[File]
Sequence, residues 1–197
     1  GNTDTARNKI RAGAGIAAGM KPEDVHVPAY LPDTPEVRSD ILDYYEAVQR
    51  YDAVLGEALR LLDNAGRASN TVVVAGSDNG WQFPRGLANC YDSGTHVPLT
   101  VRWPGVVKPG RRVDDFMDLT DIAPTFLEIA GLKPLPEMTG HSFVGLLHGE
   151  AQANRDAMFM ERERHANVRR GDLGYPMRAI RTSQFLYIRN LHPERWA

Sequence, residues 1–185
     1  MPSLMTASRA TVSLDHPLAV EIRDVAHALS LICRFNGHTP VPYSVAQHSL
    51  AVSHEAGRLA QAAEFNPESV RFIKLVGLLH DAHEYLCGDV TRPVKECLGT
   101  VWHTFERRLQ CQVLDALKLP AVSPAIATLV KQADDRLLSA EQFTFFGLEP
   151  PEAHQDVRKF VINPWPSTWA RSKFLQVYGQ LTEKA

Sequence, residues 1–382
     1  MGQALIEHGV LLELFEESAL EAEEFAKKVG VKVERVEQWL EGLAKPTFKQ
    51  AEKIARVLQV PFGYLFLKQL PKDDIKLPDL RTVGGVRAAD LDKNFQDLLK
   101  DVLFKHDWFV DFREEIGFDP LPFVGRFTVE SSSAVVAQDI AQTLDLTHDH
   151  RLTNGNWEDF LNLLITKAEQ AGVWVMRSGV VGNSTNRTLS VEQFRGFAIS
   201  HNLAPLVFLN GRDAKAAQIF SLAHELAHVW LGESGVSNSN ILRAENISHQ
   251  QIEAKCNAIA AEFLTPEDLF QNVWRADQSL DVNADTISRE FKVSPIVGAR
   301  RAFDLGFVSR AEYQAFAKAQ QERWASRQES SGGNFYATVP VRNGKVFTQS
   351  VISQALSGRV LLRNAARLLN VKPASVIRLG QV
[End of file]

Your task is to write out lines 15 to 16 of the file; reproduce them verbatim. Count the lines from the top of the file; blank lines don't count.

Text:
   151  RLTNGNWEDF LNLLITKAEQ AGVWVMRSGV VGNSTNRTLS VEQFRGFAIS
   201  HNLAPLVFLN GRDAKAAQIF SLAHELAHVW LGESGVSNSN ILRAENISHQ